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Thread: Help needed to cast human skeleton out of aluminum

  1. #141
    Quote Originally Posted by DavidF View Post
    Looking good!! dont stop now
    Happy Easter everyone! I am trying to crank out four sets of ribs this weekend. Finished the 6th ribs today!

    6th Ribs Mold
    IMG_3673.jpg

    6th Ribs
    IMG_3675.jpg

    6th Ribs Right Side Finish
    IMG_3676.jpg

    6th Ribs Left Side Finish
    IMG_3677.jpg

    I'll have to do some grinding on the 6th left and might have to redo it but I'll handle that at a later time. I'll try to crank out the 7th ribs tomorrow after I drive back from Lancaster; gotta try out the new Petrobond! Thank you all for your support.

  2. #142
    Senior Member Robert's Avatar
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    Looks like a healed fracture to me...
    Robert
    "Whether you think that you can, or that you can't, you are usually right."
    - Henry Ford (1863-1947)

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  3. #143
    Hey everyone! I'm cranking out pieces and should be done with my sixth set of ribs tonight if the weather permits. I'm starting to cut them out of their sprues and am trying to find ways to sand and/or polish my pieces.

    I was told that a Dremel should do the trick but I wanted to check here first. Would a dremel work to grind out imperfections and polish the pieces with the right attachments? If so, what attachments?

  4. #144

  5. #145
    Moderator DavidF's Avatar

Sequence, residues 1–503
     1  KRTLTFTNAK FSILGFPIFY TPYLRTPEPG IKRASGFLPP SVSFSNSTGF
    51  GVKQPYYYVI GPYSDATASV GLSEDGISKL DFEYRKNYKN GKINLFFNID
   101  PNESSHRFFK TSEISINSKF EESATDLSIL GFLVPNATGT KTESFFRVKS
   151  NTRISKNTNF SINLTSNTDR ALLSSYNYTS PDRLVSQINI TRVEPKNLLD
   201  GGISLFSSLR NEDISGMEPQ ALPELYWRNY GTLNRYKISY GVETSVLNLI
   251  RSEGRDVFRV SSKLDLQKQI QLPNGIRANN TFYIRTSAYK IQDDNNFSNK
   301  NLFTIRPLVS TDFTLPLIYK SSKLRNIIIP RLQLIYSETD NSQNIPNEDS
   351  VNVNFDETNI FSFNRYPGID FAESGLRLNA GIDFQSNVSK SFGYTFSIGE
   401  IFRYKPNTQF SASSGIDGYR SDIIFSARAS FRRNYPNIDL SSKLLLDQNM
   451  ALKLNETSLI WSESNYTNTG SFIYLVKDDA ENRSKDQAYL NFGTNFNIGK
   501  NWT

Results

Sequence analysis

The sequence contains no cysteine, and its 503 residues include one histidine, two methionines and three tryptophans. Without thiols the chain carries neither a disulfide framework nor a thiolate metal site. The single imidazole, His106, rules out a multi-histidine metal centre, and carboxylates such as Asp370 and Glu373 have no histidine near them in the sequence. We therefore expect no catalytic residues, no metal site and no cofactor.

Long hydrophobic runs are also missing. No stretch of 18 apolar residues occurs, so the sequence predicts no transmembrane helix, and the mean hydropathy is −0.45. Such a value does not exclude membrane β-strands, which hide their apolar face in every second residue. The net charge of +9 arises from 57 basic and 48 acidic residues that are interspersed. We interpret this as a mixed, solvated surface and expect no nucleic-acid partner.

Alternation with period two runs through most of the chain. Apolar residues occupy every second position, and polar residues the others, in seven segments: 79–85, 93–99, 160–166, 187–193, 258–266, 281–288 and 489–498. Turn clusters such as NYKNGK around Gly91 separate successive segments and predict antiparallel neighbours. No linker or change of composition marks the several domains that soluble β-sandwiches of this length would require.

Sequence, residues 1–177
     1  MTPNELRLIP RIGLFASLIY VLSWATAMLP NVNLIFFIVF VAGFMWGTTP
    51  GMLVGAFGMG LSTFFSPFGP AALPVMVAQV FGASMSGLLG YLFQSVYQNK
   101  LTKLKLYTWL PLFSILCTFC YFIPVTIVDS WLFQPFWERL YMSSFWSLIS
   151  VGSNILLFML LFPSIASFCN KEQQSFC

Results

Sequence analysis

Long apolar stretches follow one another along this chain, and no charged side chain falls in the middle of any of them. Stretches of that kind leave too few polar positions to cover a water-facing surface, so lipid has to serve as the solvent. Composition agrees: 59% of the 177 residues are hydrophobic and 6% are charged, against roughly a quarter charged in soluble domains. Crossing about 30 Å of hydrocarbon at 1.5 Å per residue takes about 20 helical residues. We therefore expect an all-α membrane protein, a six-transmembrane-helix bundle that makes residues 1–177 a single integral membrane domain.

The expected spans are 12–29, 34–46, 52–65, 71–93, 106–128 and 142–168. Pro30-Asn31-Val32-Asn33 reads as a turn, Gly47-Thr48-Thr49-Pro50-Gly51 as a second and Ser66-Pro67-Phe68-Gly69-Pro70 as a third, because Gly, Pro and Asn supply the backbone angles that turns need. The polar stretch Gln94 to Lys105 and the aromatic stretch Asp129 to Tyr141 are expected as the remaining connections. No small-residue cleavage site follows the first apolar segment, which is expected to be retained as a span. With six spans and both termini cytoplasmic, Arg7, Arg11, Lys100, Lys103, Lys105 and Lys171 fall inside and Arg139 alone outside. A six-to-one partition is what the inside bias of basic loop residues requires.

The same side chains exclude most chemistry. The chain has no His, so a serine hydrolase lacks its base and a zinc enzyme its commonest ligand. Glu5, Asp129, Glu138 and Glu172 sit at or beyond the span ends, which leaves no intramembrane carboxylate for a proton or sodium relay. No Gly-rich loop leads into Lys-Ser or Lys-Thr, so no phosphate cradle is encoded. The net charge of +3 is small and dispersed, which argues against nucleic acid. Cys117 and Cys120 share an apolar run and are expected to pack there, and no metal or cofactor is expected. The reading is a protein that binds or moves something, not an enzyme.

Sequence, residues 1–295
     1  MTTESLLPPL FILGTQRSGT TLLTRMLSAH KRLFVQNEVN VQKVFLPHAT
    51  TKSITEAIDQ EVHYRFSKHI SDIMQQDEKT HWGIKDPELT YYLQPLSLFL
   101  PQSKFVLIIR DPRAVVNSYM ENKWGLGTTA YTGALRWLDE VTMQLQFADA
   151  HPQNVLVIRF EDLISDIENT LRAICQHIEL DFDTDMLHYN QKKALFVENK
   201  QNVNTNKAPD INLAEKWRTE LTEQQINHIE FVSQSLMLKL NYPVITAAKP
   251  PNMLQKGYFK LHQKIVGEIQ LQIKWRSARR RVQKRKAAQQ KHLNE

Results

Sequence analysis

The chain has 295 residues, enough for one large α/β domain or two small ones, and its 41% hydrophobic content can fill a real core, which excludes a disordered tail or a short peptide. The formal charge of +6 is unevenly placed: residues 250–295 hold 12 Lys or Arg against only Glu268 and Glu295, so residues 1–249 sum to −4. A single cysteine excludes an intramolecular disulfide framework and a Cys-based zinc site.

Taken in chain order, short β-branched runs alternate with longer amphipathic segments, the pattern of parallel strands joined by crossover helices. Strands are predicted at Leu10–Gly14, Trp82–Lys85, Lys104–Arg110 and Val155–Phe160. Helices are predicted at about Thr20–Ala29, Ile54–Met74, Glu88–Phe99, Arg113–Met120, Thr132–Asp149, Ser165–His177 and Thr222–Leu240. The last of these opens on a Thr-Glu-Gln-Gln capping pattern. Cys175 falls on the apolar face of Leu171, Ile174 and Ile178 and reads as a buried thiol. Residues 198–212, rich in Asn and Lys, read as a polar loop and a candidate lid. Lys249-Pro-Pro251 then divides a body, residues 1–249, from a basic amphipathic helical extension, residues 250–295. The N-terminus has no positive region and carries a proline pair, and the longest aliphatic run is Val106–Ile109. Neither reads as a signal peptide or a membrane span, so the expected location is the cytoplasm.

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    You will be sanding for 100 years with a dremel.
    A calm sea does not make a skilled sailor....

  6. #146
    Senior Member Zapins's Avatar
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    First - very good job making those ribs so far. Your work is looking very good. I'm really looking forward to seeing the rest of the castings.

    As for polishing the bones... I think you'll find that polishing them is going to take the most time and be the most tedious and not - fun - part of this project. There's a reason I have had 30+ statues in the unfinished unpolished state sitting in my to do list bucket for the last 3 years.

    Sand blasting with a rougher aluminum oxide grit around 120 grit then follow up with glass bead blasting will give you a nice matte finish, not super shiny but not rough either. It would be the quickest way to finish your bones, but if you are dead set on polishing then:

    Tungsten Carbide burrs will fit into your dremel and will very very quickly cut away excess metal. They leave a bumpy surface but are fantastic to cut and shape larger defects. They are invaluable for finishing work. http://www.ebay.com/itm/10x-Tungsten...YAAOSwmgJY1K2H

    You should get a flex shaft for your dremel it makes everything much easier to handle http://www.ebay.com/itm/Dremel-225-0...IAAOSweW5U7R8q